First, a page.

Researching algae is a bit of a departure for Peyton, whose background is in using microorganisms to clean up environmental contamination. But he said it would be a constructive departure.
"I wanted to use natural organisms not just to break something down but to produce something," said Peyton, who earned his doctorate at MSU in 1992. "This work is an opportunity to use my bioprocessing skills to produce something of value to society."
Ideally, algae harvesting is a self-sustaining process, Peyton said, since the tiny organisms spend most of their time just soaking up sunlight and reproducing.
Algae can produce more usable oil per acre than crops like canola or soybeans, Peyton said. Soybeans produce about 50 gallons of oil per acre per year; an acre of canola produces about 130 gallons per year. Algae, however, could produce at least 4,000 gallons of oil per acre in the same time.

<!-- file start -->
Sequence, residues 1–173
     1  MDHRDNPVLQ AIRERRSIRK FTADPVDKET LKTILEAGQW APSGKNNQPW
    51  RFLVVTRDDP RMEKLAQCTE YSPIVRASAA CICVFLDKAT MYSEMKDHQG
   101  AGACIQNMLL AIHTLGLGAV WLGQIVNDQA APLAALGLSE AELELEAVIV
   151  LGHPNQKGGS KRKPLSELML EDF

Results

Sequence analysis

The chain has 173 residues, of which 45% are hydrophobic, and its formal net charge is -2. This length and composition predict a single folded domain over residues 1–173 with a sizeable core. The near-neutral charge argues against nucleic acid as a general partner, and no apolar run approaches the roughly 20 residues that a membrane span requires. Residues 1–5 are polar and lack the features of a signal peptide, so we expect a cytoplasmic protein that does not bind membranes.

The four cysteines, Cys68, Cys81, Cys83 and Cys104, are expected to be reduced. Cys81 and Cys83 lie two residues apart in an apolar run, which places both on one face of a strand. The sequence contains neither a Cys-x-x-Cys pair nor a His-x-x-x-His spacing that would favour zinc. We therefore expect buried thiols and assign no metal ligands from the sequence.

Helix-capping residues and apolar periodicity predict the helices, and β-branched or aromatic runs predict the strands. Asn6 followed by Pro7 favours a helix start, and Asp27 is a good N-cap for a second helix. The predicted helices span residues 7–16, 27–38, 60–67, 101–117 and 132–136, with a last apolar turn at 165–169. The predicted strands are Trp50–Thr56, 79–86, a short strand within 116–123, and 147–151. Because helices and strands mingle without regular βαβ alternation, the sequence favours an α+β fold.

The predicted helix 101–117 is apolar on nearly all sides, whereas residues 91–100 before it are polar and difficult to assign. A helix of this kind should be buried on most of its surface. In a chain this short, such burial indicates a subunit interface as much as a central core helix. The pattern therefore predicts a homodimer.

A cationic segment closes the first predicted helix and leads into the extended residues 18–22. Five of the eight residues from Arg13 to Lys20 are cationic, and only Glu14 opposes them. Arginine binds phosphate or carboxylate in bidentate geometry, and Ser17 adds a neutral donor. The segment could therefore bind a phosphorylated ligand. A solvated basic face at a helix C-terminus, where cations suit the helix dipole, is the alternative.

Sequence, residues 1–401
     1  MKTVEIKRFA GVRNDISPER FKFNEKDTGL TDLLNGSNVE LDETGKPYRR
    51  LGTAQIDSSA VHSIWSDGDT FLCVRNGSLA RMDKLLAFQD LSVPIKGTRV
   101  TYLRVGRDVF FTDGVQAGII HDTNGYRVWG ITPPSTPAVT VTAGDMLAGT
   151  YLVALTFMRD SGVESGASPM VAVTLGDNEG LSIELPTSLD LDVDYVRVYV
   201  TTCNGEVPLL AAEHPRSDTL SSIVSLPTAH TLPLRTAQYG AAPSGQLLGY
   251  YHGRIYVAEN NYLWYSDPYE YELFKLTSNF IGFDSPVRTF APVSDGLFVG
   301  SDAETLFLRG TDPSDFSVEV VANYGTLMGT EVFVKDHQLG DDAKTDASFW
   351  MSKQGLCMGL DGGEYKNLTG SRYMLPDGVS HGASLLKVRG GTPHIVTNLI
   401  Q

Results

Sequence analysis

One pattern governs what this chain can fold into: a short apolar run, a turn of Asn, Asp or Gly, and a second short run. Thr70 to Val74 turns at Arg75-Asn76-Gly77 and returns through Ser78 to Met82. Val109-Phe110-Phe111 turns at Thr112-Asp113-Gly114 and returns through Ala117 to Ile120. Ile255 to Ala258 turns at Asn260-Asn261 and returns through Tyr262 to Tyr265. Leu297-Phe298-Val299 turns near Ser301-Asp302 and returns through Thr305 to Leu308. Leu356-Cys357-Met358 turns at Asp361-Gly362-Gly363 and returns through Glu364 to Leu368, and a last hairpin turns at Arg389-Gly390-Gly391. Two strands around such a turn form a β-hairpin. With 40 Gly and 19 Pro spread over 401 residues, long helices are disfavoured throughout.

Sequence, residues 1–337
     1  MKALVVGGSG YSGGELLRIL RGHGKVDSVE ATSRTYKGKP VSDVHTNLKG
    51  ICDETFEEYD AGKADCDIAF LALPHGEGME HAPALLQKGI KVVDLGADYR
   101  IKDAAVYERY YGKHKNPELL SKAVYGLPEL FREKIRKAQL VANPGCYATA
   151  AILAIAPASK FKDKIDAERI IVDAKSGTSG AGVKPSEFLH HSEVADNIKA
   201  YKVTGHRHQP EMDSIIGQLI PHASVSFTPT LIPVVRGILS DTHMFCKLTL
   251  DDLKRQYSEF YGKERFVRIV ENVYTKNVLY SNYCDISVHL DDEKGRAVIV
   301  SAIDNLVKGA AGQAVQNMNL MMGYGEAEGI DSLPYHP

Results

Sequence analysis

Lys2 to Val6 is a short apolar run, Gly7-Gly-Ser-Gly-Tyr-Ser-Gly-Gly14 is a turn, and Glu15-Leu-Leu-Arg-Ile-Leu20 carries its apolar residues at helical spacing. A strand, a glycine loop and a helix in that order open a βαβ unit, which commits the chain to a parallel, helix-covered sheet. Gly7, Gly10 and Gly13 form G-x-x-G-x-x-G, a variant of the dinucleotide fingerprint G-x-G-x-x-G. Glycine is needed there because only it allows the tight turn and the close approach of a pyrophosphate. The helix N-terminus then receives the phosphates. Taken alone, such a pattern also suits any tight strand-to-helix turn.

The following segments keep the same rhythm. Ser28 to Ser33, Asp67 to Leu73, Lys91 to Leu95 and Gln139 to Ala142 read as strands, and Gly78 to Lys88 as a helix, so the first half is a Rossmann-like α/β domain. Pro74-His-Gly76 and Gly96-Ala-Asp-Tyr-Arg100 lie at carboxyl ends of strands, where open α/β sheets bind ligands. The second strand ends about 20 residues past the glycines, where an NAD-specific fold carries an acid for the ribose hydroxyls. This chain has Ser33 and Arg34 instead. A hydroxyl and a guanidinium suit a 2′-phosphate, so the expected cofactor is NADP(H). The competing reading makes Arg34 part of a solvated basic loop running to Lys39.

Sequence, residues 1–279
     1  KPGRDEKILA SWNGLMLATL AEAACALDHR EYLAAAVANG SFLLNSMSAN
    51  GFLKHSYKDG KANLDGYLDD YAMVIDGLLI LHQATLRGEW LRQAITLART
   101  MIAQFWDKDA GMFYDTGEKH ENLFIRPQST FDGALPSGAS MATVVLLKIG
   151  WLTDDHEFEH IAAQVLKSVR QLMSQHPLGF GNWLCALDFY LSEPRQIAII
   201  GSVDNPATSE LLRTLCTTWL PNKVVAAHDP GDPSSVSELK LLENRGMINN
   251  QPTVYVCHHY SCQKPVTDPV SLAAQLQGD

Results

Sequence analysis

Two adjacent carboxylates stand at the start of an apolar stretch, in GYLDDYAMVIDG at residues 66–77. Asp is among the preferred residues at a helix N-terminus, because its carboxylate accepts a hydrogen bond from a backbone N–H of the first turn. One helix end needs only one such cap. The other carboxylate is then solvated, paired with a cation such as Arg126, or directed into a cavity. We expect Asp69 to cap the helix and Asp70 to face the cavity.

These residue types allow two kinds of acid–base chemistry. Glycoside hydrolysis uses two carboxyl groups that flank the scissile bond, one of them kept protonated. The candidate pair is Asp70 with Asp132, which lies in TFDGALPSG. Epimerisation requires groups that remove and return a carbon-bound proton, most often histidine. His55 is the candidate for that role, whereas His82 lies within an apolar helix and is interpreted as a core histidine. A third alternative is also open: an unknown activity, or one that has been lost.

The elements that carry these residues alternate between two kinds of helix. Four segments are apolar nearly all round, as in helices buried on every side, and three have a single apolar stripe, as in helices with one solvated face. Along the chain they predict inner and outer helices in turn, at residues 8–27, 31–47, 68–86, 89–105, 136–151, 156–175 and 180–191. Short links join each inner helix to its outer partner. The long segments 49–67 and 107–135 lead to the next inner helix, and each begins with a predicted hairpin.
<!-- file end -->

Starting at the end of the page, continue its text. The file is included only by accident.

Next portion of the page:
"Algae should produce about 200 times more biodiesel per acre than other biofuel crops," Peyton said. "And 200 may be a low number."
Algae also have benefits that make farming them easier on growers, Peyton said. Algae farms can be located on non-prime agricultural land and can use water not suitable for food crops.
"Algae, unlike some other biofuel crops, don't double as food, which means that harvesting them for biofuel production won't affect food prices like it would if we diverted part of the corn crop to biofuel," Peyton said.
One issue holding algal biofuel farming back so far has been scale, Peyton said. It's one thing to grow algae in a four-gallon or even a 10,000-gallon tank; it's another thing to expand that operation up to the industrial scale and turn it into a business.
|Contact: Michael Becker|
Montana State University